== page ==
Photo by Kane
The Spearhead (12,575-ft) resides in the heart of Glacier Gorge, Rocky Mountain National Park. Overshadowed by a skyline of shapely peaks, The Spearhead is actually an extension of rugged ridge running north from the base of Chiefs Head Peak’s huge north face. The Spearhead’s triangular northeast face is the dominant feature in upper Glacier Gorge, (the area above Black Lake) rendering this special area a local name of “Spearhead Basin.” The unbroken, flowing slabs of granite rock set it a part from its higher neighbors. The Spearhead also has a fiercely exposed summit that overhangs 900 to 1000-ft above the basin floor. Many would argue that this is the most spectacular summit in the park and one of the best in all of Colorado.
Although I did not summit The Spearhead by a technical route, this mountain has a deserved reputation for its technical climbing; the North Ridge Route is widely considered the finest rock climb in Rocky Mountain National Park. The beauty of this climb is best described by Gerry Roach, This climb reminds me of why I started climbing in the first place. It is fundamental. It is magnificent. The climb takes place on such solid rock that you feel like you are touching the soul of the earth. Touch it. Climb it!
The north ridge separates the vast, unbroken northeast face from the more broken northwest face.
The Spearhead also harbors a fun class 3 route with an exciting finish. The last 50 yards, will test your mental makeup for the route is very exposed.
Photo by Todd Caudle
Glacier Gorge Overview
There is no other word that describes the enormity of the Glacier Gorge V-shaped valley better than “epic.” I thought long and hard looking for the right word. Words like “grandiose” or “awe-inspiring” first came to mind, but then I saw the view of McHenry’s Peak from Black Lake
…that’s when “epic” was forever engraved in my head. I have climbed over 200 mountains in Colorado and right off the bat only the Pierre Lakes Basin
(southeast side of Capitol Peak) rendered as much scenic beauty. I’m still giving the Pierre Lakes the nod but I never thought I would find a place that actually made me think twice.
The diverse landscape of Rocky Mountain National Park was created over a billion years ago and to present day displays some of nature's finest handiwork. The majority of Glacier Gorge’s scenic beauty came from powerful glaciers. These glaciers were formed when huge snowdrifts were compacted into ice by their own weight, thus freezing tons of rock and debris within its mass. Over the last 10,000 to 15,000 years, these glaciers slowly scraped and carved mountain summits into towering peaks, leaving behind a myriad of 1000-ft rock faces. These glaciers slowly continued to slide down the mountains leaving behind the perfect V-shaped valley we now know as Glacier Gorge.
There is not a better place to view the glacier evidence other than Black Lake. From here it’s obvious that a geologically powerful event took place for the enormity of it all is spectacular to view. From Black Lake an impressive collection of towering rock faces and pinnacles can be viewed, like The Arrowhead
, McHenry’s Peak
, The Spearhead
, Pagoda Mountain
, Chiefs Head
and the Keyboard of the Winds
Glacier Gorge TH
Regional WeatherClick image to enlarge
Red Tape See "Getting There"
Dogs, must be under physical control at all times. Dogs are not allowed on trails or in areas not accessible by automobile.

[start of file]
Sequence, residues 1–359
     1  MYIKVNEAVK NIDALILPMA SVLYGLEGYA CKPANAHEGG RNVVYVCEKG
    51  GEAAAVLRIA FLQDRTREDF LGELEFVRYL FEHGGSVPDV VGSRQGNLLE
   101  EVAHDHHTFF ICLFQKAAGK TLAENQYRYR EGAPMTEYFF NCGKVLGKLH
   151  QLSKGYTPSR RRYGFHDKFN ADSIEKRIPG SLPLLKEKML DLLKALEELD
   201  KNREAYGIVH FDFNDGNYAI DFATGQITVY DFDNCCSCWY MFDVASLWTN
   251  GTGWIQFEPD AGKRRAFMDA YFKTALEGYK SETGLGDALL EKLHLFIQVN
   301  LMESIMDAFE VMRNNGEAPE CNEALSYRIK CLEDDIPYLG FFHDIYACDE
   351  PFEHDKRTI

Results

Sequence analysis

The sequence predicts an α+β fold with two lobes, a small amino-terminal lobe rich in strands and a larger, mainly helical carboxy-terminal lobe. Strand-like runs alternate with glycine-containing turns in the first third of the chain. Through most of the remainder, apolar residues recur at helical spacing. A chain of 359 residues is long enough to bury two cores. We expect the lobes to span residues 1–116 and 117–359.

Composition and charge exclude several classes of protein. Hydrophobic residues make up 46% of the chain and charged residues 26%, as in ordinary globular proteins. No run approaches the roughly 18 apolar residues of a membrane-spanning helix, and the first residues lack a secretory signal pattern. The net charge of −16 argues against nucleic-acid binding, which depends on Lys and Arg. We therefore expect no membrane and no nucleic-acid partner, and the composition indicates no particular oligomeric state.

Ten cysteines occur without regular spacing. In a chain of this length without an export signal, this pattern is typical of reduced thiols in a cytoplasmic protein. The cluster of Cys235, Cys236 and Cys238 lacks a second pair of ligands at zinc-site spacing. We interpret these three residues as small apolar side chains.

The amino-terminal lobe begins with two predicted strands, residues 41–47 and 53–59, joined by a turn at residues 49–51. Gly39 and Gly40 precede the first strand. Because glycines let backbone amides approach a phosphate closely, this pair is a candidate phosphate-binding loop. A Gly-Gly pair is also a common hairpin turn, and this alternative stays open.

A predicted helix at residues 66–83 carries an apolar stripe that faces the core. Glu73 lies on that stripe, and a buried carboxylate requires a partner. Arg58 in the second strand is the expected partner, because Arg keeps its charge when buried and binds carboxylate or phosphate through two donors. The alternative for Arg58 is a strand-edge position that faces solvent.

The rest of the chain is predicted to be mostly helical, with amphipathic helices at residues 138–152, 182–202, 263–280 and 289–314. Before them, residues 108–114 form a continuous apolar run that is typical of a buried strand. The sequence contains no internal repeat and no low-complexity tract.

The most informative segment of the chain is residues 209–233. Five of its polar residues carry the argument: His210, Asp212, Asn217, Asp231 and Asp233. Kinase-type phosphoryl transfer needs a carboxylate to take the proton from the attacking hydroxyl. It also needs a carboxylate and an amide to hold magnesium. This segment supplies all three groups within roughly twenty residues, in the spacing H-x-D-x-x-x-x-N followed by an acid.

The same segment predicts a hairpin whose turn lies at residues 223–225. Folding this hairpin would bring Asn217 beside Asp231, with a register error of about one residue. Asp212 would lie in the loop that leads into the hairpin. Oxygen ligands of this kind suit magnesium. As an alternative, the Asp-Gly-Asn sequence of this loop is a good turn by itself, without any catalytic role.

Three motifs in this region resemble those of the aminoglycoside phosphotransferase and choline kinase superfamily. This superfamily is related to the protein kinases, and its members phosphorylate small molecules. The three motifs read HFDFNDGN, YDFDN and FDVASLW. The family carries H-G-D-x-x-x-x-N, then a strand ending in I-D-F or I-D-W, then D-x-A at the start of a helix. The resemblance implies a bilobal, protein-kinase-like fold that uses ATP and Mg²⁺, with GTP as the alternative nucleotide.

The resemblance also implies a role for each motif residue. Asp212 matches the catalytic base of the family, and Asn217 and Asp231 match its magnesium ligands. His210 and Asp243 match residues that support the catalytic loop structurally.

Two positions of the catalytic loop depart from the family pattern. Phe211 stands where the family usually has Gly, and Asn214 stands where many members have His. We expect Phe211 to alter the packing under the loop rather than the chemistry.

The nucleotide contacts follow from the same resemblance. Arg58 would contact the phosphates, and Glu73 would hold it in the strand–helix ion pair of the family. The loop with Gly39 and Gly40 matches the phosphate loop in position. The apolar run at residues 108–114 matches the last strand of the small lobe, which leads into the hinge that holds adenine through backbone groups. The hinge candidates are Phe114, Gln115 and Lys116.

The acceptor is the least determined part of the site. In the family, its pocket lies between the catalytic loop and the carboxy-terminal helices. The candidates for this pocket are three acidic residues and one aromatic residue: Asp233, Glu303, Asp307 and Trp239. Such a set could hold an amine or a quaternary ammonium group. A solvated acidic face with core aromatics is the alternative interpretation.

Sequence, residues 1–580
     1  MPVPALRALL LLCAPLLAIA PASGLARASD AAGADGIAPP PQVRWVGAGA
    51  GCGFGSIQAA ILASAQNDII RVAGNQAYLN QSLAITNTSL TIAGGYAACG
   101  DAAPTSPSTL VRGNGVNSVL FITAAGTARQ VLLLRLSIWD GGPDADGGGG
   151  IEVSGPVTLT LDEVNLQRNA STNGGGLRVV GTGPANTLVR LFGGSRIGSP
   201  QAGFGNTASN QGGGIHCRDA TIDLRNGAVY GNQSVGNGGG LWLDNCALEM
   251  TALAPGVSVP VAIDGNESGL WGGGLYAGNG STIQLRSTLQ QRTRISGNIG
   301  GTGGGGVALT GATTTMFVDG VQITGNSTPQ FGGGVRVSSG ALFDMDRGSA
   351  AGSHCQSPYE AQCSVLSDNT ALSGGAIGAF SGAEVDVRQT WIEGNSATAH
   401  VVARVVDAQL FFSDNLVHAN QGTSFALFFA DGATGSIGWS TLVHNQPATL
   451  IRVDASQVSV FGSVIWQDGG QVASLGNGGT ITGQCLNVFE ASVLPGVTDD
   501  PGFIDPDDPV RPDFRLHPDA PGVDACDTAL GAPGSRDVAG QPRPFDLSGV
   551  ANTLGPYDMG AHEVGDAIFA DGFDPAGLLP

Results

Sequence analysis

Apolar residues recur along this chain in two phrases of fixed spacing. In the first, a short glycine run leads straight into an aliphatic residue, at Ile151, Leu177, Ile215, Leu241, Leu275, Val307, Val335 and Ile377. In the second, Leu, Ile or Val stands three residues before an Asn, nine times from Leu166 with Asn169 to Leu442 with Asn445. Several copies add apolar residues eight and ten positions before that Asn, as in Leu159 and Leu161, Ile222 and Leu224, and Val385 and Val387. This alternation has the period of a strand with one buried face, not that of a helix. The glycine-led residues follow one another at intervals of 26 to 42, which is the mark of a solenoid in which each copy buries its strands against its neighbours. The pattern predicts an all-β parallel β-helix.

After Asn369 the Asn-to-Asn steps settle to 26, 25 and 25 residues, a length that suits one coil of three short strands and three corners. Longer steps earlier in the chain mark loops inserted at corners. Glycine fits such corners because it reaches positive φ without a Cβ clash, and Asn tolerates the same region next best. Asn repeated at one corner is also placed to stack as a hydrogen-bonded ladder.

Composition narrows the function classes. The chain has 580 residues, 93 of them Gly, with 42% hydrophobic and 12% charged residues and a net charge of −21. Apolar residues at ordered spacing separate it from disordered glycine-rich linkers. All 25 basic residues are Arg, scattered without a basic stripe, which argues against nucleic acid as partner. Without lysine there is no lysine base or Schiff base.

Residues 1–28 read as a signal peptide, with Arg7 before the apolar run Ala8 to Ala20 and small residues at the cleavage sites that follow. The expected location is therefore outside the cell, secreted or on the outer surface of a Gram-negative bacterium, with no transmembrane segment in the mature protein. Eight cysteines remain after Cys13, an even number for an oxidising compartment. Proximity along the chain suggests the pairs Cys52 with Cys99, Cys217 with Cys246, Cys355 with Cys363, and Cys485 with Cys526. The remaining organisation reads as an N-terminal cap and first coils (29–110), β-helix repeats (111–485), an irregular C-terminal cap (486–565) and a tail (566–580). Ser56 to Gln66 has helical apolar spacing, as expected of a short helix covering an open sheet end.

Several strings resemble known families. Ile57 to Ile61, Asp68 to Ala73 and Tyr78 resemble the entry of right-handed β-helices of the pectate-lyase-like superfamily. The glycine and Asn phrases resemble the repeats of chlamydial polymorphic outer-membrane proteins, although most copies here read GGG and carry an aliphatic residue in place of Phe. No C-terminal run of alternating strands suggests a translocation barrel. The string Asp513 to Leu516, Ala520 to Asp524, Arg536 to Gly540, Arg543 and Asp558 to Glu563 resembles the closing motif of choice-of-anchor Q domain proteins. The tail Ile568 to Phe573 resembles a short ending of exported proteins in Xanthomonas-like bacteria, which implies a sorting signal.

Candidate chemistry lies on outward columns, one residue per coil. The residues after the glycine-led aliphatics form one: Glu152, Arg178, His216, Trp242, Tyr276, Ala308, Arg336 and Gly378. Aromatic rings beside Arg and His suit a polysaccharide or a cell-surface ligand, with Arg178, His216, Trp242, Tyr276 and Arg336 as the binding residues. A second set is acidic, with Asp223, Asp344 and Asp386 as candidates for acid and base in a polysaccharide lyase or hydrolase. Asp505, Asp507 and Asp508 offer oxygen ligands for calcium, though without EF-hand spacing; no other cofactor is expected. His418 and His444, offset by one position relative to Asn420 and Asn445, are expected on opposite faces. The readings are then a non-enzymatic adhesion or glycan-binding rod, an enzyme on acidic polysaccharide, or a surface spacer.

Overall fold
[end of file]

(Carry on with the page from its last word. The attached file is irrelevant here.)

Vehicles must remain on roads or in parking areas. Parking any vehicle or leaving property unattended for longer than 24 hours without prior permission is prohibited.
Hitchhiking or soliciting transportation is prohibited.
All wildlife Is protected from hunting or harassment. Please do not feed or attempt to touch any wild animals others.
Do not pick wildflowers or damage plants. Regulations prohibit the destruction, injury, disturbance, or removal of public property or natural features, including plants, animals, and rocks.
Camping Camping within the boundaries of Rocky Mountain National Park Is permitted only in designated campsites with a permit. This would be considered backcountry camping. These campsites vary in popularity so calling to find out availability is recommended. For example, the one spot to camp up in Glacier Gorge is booked for every day of the summer on the first day they allow reservations. In contrast, there are a few spots in Wild Basin that you can get maybe a few days out. The cost is $15.00. Here are a few good links showing the designated campsites within The Park. Designated campsites #1 Desinated campsites #2 You can get a backcountry bivy permit if you are doing technical climbing.
Campgrounds in the area include Aspenglen, Timber Creek and Longs Peak and are on a first-come, first-served basis and cost $16 per night. In summer you will find that campgrounds usually fill to capacity early each day. Moraine Park (247 sites) and Glacier Basin (150 sites) require reservations and cost $16. Moraine Park, Timber Creek and Longs Peak campgrounds are open year-round; Glacier Basin closes Sept. 7. Campground fees drop to $10 after water is turned off in mid to late September. Aspenglen is open until Sept. 20 and offers 54 sites with drinking water, tables, fire rings and toilets. Longs Peak campground, the main access point for climbing 14,255-foot Longs Peak, is four miles north of Wild Basin on Colorado Highway 7 and offers 26 tent-only sites with drinking water, tables, fire rings and toilets. There is a 3-night limit here. There are no electrical, water, or sewer connections in any of the campgrounds. Sewer dump stations are at Moraine Park, Glacier Basin, and Timber Creek campgrounds
Here is a good link for lodging in Estes Park